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Stubhub partnered with the Philadelphia 76ers as the team's official vendor for primary and resale tickets.
Stubhub partnered with the Philadelphia 76ers as the team's official vendor for primary and resale tickets.
Jesse D. Garrabrant—NBAE/Getty Images

Bad news for scalpers: It's getting harder to resell your season tickets.

Sports teams are trying to grab a piece of the billion-dollar ticket resale market—through moves like canceling brokers' season-ticket subscriptions and limiting the number of seats they can buy, the Wall Street Journal reported. Some have also required brokers to resell tickets on the team's ticketing ticketing platform, which has a minimum price, to prevent them from scalping at a discount.

In May, the NHL team Los Angeles Kings announced that brokers who want to buy season tickets must pay slightly more than fans do. They also restricted to buying a certain number of seats and reselling them electronically exclusively through a platform that belongs to Kings owner Anschutz Entertainment Group.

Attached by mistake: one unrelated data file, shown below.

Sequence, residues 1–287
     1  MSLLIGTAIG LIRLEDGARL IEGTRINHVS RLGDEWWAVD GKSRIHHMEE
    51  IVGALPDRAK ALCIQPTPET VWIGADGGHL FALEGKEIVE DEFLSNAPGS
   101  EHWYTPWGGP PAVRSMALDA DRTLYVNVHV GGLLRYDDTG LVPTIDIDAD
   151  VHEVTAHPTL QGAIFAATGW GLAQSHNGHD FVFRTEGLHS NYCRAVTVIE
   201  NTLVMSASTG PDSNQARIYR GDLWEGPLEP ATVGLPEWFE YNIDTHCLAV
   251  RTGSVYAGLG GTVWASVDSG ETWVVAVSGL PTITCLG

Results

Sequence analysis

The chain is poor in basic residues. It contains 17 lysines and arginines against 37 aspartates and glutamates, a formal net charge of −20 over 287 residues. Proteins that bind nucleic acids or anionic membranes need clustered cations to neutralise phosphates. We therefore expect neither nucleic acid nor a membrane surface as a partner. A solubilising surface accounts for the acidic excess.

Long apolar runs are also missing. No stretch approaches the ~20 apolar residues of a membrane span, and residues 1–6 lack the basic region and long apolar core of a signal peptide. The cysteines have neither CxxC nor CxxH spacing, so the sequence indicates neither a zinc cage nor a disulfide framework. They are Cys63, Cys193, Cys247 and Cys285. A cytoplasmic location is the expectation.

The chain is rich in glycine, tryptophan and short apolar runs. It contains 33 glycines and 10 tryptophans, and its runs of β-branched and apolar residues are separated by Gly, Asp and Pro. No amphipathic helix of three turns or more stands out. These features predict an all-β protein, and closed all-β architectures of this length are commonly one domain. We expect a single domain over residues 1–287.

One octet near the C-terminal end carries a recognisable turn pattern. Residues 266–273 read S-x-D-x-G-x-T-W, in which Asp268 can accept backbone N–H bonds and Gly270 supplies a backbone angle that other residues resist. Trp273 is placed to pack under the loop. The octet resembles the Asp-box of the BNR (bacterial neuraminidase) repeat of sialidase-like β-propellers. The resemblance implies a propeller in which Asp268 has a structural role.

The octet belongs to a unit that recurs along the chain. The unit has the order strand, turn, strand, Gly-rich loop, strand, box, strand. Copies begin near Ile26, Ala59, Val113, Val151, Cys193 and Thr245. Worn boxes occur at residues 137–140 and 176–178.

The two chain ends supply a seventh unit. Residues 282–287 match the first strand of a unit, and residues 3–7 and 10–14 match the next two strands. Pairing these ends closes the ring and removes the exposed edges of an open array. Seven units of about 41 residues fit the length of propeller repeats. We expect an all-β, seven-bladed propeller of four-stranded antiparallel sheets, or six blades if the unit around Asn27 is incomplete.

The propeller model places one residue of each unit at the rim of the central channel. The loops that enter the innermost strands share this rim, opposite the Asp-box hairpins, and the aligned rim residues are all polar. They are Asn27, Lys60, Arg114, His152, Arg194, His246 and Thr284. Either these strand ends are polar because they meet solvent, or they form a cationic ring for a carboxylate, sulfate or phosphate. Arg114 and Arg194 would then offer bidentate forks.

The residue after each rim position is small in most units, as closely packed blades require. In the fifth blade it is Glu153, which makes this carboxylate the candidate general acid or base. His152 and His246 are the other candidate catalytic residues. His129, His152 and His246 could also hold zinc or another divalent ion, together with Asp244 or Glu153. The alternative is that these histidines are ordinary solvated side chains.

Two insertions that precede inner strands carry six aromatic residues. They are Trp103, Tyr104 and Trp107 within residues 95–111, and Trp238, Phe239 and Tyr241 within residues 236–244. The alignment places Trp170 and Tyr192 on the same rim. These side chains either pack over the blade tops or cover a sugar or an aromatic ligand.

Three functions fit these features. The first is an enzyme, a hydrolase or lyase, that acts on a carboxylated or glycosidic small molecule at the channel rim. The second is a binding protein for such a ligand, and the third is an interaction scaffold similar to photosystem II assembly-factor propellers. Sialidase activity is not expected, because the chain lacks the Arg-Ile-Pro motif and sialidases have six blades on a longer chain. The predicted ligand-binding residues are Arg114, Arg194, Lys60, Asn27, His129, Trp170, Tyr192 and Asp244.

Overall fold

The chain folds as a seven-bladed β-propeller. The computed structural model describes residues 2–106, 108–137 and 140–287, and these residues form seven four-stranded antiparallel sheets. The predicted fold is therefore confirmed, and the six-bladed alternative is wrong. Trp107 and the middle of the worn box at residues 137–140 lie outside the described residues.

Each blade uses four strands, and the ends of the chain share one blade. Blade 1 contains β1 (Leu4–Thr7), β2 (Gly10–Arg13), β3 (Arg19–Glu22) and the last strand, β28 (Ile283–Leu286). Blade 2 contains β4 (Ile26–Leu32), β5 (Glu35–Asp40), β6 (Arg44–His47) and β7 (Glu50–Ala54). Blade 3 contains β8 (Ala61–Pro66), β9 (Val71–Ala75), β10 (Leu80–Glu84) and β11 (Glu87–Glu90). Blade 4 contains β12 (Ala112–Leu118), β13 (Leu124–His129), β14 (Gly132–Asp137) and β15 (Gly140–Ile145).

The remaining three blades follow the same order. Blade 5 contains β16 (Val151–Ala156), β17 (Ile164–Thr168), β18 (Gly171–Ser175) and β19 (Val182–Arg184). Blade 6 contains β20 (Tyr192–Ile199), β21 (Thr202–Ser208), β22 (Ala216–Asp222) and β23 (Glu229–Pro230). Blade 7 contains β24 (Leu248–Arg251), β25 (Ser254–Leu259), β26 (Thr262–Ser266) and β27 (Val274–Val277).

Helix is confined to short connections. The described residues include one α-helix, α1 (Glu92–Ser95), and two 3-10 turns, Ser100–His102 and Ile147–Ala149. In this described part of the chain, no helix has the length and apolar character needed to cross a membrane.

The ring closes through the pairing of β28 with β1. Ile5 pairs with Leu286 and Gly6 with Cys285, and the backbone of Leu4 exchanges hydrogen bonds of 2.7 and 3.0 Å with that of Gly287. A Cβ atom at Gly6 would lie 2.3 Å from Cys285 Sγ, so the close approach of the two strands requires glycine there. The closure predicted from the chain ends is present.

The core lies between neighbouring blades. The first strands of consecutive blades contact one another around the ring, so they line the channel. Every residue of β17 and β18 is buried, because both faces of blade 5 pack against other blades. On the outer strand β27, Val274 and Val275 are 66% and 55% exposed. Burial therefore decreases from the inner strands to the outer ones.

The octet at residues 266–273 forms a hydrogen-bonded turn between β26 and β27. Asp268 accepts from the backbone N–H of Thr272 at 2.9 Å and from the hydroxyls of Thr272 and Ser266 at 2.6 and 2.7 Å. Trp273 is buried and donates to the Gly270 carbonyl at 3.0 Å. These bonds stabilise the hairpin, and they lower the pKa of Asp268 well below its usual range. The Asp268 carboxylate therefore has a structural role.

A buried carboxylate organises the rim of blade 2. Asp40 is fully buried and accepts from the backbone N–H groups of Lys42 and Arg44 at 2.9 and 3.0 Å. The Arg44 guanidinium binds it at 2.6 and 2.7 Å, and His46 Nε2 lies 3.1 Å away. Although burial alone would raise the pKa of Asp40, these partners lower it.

"We have invested significant time and resources to analyze the secondary-market activity and determined that as a business we need to make some adjustments to our process of working with ticket resellers," the Kings said in a letter to brokers.

Similarly, in 2008, the NFL launched its own ticket resale platform called Ticket Exchange, but left it to the discretion of individual teams if they wanted to regulate its use.

Some sports teams have faced lawsuits challenging their efforts to limit scalpers' ability to operate. The suits argue that the teams' efforts artificially increase ticket prices. Indeed, while increasing prices might benefit season ticket holders looking to resell their seats, it makes it harder for the average fan to afford them.

One broker, S4K, sued Madison Square Garden Co. in May over the sports arena's policy of selling no more than eight season tickets to returning customers and no more than four to new customers. The broker said the restrictions "prop up the value of the tickets." Madison Square Garden did not comment on the allegations.

Rather than fight sports teams in court, some third-party vendors are looking to partner with them instead. In February, Stubhub announced it would serve as the official ticketing partner of the NBA's Philadelphia 76ers for primary and resale tickets. By the 2017-2018 NBA season, Stubhub's logo will appear on 76ers jerseys.